West Coast IPA: Strong, very bitter, heavier body with a very resin forward hop profile. Fading bitterness on the back palate. Very similar to a grassy or herbal character, or strong bitter grapefruit peel. While having an intense flavor, the beer is smooth and not harsh. Classic example of a resiny Double IPA.
It feels as if Grand Marnier has been around for at least a few centuries. But, this quintessential spirit only dates back to 1880. The recipe was created by Alexandre Marnier-Lapostolle who worked at a fruit liqueur distillery owned by his wife’s grandfather. He sourced Citrus Bagaradia oranges grown in the West Indies, which are still used in the production today. The Cognac base is made from the Ugni Blanc grape grown in the Cognac region of France. Sugar syrup is added, and then everything is aged in oak casks and filtered before bottling.
Here are a few classic cocktails for you to try that call for Grand Marnier:
2 ounces gin
1/2 ounce sweet vermouth
1/2 ounce Grand Marnier
1 dash lemon juice
Shake with ice. Strain into a cocktail glass.
3/4 ounce gin
3/4 ounce dry vermouth
3/4 ounce sweet vermouth
1/2 ounce orange juice
1/2 ounce Grand Marnier
1 dash orange bitters
Shake with ice. Strain into a cocktail glass.
The first Booker’s Batch release of 2018, Booker’s “Backyard BBQ” is named in tribute to Booker Noe and his love for hosting good, old-fashioned cookouts for friends, family, neighbors and distillery employees in his own backyard in Bardstown, KY. Booker always made sure his “Bourbon-ques” were complete with plenty of good bourbon and enough of his sizzling flambéed pork chops to go around. A cookout by Booker wasn’t complete without them! Today, Fred Noe and his son, Freddie, carry on this tradition and host their own “Bourbon-ques” — with bourbon and flambéed pork chops, of course — throughout the summer for all to enjoy. Like all of Booker’s batches, Booker’s “Backyard BBQ” was selected by Fred Noe, bottled uncut at its natural proof and age of 6 years, 2 months and 10 days.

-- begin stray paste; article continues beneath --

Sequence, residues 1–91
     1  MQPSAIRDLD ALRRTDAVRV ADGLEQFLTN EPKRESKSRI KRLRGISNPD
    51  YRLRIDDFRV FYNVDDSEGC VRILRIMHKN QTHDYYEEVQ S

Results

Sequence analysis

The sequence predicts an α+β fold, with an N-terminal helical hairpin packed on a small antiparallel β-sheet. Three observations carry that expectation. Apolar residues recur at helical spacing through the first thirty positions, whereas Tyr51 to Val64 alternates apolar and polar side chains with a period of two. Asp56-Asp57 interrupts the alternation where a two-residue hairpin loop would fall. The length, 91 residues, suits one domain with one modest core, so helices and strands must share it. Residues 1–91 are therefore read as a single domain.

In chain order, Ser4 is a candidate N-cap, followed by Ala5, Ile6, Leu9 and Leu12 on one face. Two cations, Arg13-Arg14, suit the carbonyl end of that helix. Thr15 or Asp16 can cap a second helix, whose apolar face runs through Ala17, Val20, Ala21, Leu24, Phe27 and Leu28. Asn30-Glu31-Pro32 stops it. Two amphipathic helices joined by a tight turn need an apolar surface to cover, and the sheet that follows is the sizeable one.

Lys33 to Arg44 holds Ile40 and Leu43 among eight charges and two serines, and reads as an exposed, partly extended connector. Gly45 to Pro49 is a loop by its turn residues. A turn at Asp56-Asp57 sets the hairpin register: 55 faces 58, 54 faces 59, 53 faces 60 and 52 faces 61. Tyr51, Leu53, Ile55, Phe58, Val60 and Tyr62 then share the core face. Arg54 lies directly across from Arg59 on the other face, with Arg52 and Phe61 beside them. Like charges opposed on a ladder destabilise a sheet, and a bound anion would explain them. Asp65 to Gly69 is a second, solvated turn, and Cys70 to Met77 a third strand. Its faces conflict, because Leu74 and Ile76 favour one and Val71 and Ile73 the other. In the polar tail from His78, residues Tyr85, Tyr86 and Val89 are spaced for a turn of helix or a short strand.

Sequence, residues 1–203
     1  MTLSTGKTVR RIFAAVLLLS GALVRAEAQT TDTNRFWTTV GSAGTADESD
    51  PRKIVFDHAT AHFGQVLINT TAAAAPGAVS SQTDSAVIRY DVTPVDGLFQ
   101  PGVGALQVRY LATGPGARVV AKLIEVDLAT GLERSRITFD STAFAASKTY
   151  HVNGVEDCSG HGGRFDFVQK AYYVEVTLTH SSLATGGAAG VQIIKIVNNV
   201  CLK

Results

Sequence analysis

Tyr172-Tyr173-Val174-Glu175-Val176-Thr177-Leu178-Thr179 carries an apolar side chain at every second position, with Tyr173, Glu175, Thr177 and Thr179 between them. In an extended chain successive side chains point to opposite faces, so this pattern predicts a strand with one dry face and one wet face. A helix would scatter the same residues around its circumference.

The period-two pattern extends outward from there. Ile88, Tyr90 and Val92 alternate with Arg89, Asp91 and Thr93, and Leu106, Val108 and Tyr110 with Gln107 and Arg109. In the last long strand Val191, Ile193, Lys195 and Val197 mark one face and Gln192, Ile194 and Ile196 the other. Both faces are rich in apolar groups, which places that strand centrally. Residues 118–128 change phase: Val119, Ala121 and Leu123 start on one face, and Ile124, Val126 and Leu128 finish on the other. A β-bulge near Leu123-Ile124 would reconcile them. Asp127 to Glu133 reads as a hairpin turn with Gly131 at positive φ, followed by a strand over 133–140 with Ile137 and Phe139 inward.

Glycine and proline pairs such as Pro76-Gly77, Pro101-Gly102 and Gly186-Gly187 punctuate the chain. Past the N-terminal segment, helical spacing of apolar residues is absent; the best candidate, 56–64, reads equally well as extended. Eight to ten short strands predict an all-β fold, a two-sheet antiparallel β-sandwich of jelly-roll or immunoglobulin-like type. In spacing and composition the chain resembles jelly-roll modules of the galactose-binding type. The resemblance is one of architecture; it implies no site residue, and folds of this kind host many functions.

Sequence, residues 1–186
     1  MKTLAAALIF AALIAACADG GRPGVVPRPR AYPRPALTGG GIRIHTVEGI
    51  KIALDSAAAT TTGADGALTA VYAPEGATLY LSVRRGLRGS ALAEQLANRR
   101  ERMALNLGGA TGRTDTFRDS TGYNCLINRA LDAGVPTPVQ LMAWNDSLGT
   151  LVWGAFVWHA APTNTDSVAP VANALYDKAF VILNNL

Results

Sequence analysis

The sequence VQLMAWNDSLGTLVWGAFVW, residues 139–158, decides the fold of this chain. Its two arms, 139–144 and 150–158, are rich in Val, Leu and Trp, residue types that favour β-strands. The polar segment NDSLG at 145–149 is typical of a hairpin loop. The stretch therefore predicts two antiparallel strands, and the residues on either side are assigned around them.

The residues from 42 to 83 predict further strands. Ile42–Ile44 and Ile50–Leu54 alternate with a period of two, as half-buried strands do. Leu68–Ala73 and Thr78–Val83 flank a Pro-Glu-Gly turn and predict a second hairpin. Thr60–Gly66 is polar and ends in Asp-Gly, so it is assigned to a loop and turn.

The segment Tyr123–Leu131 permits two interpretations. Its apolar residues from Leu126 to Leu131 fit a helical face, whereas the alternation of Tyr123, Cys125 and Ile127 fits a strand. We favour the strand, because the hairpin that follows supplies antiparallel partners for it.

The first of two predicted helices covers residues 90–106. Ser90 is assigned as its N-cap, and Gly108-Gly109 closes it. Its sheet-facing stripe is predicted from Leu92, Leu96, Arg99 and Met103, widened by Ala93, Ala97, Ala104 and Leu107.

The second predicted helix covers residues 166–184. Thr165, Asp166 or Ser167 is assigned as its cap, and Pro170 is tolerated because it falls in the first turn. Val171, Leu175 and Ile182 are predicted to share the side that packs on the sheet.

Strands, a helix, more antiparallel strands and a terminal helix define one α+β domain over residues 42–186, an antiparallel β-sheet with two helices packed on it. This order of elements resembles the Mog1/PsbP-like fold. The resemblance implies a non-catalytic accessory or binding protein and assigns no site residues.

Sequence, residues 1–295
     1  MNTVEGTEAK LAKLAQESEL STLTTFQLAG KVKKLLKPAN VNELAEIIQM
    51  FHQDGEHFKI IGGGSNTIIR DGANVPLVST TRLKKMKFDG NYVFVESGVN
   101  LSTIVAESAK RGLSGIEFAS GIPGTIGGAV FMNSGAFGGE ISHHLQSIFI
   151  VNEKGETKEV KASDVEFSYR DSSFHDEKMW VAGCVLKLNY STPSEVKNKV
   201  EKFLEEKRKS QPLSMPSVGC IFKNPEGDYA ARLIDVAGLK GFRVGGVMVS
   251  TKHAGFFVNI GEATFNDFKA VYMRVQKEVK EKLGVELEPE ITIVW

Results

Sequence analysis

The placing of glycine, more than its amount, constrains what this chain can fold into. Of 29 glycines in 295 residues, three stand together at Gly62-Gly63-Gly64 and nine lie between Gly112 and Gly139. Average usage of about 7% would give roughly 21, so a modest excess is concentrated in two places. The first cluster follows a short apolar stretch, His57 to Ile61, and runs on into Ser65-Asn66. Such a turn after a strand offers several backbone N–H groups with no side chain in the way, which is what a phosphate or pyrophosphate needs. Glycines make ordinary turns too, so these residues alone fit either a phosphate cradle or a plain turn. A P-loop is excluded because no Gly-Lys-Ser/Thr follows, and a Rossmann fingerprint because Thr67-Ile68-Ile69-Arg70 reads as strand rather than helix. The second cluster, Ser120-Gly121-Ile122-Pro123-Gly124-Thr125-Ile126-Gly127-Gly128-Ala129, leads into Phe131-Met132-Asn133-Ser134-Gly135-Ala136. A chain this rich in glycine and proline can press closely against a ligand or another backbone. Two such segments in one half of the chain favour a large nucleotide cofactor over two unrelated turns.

Backyard BBQ (128.8 proof) Visual: Dark amber. Nose: Rich, deep and evocative with a sharp oak char tang. To me, there is a warm ,summery essence that is somehow captured in the bottle. Taste: A dry and tannic start leads into a sweeter caramel flavor that again moves on to a broader and slightly spicy finish. Baking spice, slight vanilla, hefty oak, and a body that resonates with southern charm. Finish: Long. A sip or two will do you every ten minutes or so. This is a bourbon to linger over. Overall: If there was ever a bourbon designed to go with grilled meats, this one is it. Just make sure you water it down a bit, we don’t want you too relaxed and letting the ribs burn. GSN Rating: A
We are finally into warmer weather here at the GSN headquarters, and what better way to celebrate than with a beer that reminds you of tropical paradises, gorgeous sunsets, and sandy beaches. Kona Brewing Company has decided to generously let us sample their most recent addition to their line of Hawaii inspired beers, the Gold Cliff IPA. As the beer pours you get a very strong aroma of heavy hop followed by a bit of malty sweetness, finished with a blast of pineapple. It has a nice rich color to it, and a medium body. The flavor itself would be fairly standard fare were it not for the pineapple. The hops are fairly dank, but not overpowering as there is a definite balance of caramel malt to keep the hops from being too intense. The pineapple is clearly what makes this beer worth trying. The citra and mosaic hops give it a slightly fruity character which is only enhanced by the juiciness of the pineapple. That isn’t to say this is a fruit beer by any means. The bitterness is the most forward aspect, and the pineapple simply gives it a pleasant finish that leaves your taste buds wanting more. This beer may be a bit strong for the hot summertime quaff at an ABV of 7.2%, but it would be easy to see how this might be welcome on a hot beach as you sit/sip in the shade. While our minds weren’t blown by the flavor, we here at GSN enjoyed it thoroughly. Kona takes a classic American IPA style and gives a unique twist leaving you with thoughts of warm beaches and the summer ahead.